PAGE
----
The political gains that Democrats made on the generic congressional ballot as a result of the federal government shutdown have evaporated over the past few weeks.
Republicans and Democrats are now tied on the generic congressional ballot, according to a new Quinnipiac University survey released Wednesday. The ballot has moved nine points in the past six weeks from what was a 43-34 Democratic lead on Oct. 1.
Most striking from the poll is the extent to which independent voters have shifted since Oct. 1, when they favored voting for a generic Democrat by a 32-30 margin. That number has shifted 13 points, as independents now prefer Republicans by a 37-26 margin.
The same Quinnipiac survey also revealed that President Barack Obama's approval rating has dipped to its lowest level ever recorded in his tenure in office. It follows a more than a month of disastrous problems with the launch of the Affordable Care Act, featuring a dysfunctional website and piling-up concerns about plan cancellations.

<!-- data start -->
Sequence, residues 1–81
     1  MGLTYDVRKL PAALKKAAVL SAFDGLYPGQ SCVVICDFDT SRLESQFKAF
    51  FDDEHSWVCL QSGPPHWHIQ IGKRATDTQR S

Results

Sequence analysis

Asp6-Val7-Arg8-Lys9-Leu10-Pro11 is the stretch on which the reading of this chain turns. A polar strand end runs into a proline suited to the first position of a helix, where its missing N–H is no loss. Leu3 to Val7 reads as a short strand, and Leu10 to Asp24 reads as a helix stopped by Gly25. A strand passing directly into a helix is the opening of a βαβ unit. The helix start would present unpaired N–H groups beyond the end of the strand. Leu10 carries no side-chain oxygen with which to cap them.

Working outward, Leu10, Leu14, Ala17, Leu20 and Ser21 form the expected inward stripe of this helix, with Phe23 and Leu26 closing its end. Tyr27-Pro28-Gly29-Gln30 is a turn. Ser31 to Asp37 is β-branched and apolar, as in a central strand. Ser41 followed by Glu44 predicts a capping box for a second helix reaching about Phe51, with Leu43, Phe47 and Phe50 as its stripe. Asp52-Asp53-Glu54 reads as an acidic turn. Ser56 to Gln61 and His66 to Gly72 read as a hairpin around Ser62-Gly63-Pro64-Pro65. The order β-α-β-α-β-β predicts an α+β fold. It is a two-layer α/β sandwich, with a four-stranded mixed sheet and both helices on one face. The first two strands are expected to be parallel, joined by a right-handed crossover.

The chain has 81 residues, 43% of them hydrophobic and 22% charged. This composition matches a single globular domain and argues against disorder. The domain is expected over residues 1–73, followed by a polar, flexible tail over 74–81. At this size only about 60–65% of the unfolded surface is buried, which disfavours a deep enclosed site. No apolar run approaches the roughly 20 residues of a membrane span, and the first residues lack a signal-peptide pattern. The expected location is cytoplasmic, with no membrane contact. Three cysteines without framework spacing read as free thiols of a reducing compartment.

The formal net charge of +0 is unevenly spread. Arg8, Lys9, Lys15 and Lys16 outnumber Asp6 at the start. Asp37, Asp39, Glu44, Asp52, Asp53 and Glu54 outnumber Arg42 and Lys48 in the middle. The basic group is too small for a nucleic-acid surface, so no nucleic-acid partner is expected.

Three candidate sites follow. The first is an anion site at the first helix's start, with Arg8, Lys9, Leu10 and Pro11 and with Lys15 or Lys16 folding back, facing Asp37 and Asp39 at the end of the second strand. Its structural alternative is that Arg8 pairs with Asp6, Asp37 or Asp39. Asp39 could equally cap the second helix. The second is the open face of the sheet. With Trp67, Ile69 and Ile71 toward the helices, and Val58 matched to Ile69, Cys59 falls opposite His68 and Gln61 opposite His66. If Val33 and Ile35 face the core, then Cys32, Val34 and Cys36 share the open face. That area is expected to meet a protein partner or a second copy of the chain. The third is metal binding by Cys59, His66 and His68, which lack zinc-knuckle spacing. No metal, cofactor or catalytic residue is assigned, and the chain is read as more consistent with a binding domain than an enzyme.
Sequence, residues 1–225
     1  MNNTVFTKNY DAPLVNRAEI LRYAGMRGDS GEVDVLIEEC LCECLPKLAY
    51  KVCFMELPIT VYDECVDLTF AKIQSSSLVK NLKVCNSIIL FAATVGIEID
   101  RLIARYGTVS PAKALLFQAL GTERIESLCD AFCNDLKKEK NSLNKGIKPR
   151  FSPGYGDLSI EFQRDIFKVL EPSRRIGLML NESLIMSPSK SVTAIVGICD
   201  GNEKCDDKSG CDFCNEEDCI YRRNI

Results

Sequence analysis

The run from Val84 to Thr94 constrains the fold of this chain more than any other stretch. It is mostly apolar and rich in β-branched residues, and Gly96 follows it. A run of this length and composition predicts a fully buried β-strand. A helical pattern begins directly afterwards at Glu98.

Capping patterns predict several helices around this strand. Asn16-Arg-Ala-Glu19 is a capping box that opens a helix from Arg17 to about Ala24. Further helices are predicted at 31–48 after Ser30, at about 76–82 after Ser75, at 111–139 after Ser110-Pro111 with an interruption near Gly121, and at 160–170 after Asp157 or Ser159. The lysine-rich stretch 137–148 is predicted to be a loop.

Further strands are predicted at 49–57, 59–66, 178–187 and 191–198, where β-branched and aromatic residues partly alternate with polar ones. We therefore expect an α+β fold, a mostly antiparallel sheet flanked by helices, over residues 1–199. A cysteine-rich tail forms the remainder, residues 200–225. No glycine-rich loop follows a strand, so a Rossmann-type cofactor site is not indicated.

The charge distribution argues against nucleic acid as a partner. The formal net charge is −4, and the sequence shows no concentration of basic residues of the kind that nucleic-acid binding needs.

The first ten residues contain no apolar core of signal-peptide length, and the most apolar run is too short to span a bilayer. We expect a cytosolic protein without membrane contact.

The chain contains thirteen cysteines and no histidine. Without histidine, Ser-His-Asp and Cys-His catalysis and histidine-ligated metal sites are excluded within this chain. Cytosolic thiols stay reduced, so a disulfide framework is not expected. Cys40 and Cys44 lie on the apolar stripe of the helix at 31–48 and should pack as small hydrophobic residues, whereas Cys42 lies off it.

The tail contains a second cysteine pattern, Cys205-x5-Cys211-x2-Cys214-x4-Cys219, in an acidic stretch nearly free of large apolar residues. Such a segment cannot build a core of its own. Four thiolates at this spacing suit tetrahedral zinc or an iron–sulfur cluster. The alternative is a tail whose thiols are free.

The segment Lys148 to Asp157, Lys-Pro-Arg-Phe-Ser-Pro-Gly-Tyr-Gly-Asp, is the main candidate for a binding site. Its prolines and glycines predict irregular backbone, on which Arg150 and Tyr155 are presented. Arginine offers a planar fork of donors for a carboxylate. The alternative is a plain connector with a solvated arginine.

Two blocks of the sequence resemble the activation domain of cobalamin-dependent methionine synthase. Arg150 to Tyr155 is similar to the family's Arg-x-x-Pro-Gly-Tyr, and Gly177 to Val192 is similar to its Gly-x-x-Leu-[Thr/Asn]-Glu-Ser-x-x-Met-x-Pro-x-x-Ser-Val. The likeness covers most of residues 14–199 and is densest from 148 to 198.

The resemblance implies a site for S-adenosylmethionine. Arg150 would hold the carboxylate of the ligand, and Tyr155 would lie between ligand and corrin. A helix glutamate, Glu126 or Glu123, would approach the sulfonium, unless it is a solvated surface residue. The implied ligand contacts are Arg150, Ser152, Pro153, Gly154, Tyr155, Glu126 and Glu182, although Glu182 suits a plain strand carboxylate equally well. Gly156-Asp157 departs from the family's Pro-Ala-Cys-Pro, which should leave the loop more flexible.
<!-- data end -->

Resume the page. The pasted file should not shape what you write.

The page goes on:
Democrats gained momentum in the generic congressional ballot during the 16-day federal government shutdown last month, for which Republicans took the brunt of the blame. According to the Real Clear Politics polling average, they moved from a 4-point average lead on Oct. 1 to a 6.6-point average lead by the end of the month.
But as the shutdown ended, coverage piled up on the problems with the health care law's rollout.
A silver lining for Democrats in the poll: Congressional Republicans are still more disapproved of (73-20) than congressional Democrats (62-30).
Quinnipiac surveyed 2,545 registered voters nationwide from Nov. 6-11. The poll has a margin of error of +/- 1.9%.
Here's a look at how Democrats gained and then lost their advantage in the generic ballot (data points are from May, July, August, October, and November):
Brett LoGiurato/Business Insider (Data:Quinnipiac)
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